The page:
uu.seUppsala University Publications
Change search
ReferencesLink to record
Permanent link

Direct link
Serum 25-hydroxyvitamin D in relation to BMD and fractures in a Swedish cohort of women and men
Uppsala University, Disciplinary Domain of Medicine and Pharmacy, Faculty of Medicine, Department of Surgical Sciences, Orthopaedics.
Uppsala University, Disciplinary Domain of Medicine and Pharmacy, Medicinska och farmaceutiska vetenskapsområdet, centrumbildningar mm, UCR-Uppsala Clinical Research Center.
Uppsala University, Disciplinary Domain of Medicine and Pharmacy, Faculty of Medicine, Department of Medical Sciences, Internal Medicine.
Uppsala University, Disciplinary Domain of Medicine and Pharmacy, Faculty of Medicine, Department of Medical Sciences, Clinical pharmacogenomics and osteoporosis.
Show others and affiliations
(English)Manuscript (preprint) (Other academic)
Abstract [en]


Vitamin D insufficiency has been suggested to be common and to cause osteoporotic fractures. Results from previous studies are inconsistent. The aim of our study was to assess if circulating vitamin D is associated with incident fractures and bone mineral density (BMD) among elderly Swedish men and women.


A population-based cohort consisting of 1002 Swedish men and women, aged 70-years at baseline with a setting at latitude 60o north, was followed for 7 years. Serum vitamin D (25(OH)D) at baseline was analysed by an immunoassay. Fractures during follow-up were identified from registry data and BMD was measured with DXA. Association between 25(OH)D levels and time to fracture was our primary endpoint and BMD our secondary outcome.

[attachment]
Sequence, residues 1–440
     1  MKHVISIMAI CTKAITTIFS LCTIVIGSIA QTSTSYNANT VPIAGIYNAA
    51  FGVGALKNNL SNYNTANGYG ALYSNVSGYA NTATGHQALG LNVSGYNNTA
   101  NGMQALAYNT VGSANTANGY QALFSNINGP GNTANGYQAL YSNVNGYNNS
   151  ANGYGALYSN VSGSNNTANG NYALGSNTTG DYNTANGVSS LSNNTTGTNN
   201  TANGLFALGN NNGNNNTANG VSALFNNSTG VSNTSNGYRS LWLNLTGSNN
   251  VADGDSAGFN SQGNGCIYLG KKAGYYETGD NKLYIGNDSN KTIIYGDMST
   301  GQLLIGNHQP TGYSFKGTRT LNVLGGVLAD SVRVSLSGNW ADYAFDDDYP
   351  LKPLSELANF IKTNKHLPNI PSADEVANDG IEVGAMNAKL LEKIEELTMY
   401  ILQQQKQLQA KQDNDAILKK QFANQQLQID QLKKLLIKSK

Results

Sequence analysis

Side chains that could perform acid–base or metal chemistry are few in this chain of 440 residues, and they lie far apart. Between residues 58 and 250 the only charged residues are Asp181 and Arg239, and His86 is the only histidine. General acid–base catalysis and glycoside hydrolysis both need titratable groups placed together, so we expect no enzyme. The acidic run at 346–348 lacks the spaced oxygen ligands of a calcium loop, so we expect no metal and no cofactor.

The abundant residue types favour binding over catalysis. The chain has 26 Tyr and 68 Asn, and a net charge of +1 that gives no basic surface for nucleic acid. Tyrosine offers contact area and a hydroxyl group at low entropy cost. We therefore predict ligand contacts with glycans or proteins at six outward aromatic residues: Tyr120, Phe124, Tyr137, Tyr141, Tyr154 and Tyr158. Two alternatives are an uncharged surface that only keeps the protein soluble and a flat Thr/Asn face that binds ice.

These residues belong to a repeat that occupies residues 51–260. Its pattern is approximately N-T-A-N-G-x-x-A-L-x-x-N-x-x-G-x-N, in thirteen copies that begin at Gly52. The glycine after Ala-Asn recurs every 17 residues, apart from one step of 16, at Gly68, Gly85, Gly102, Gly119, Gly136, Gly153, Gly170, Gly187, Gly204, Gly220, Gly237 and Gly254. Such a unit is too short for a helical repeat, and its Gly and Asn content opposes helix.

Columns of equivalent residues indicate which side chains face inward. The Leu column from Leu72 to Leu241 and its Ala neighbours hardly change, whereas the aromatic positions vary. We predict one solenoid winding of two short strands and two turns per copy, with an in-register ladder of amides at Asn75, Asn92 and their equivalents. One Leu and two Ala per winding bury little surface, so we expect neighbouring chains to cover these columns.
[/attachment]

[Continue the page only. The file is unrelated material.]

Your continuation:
Mean S-25(OH)Dlevel was 58 (SD 20) nmol/L and 38% of the participants had levels <50 nmol/L. After multivariable adjustment, S-25(OH)D was only associated with total body BMD among men (P=0.03) but the relation was weak. Each SD increase in S-25(OH)D (approximately 20 nmol/L) conferred a 1% increase in total body BMD. Low vitamin D levels were not associated with lower BMD at the total hip or the lumbar spine in men or women. During follow-up, 155 (15%) of the participants sustained a fracture. No association between 25(OH)D and the rate of fracture was evident. The lowest quintile compared to highest quintile of 25(OH)D conferred a HR of 1.13 (95% CI 0.65-1.94).


In a general population of elderly Swedish men and women, serum vitamin D is not a strong determinant of fractures or of low bone mineral density.

Keyword [en]
Vitamin D, fracture, BMD, observational study
National Category
Research subject
Epidemiology; Orthopaedics
URN: urn:nbn:se:uu:diva-159837OAI: oai:DiVA.org:uu-159837DiVA: diva2:447119
Available from: 2011-10-10 Created: 2011-10-10 Last updated: 2012-08-24Bibliographically approved
In thesis
1. Boning up on Vitamin D: Observational Studies on Bone and Health
Open this publication in new window or tab >>Boning up on Vitamin D: Observational Studies on Bone and Health
2011 (English)Doctoral thesis, comprehensive summary (Other academic)
Abstract [en]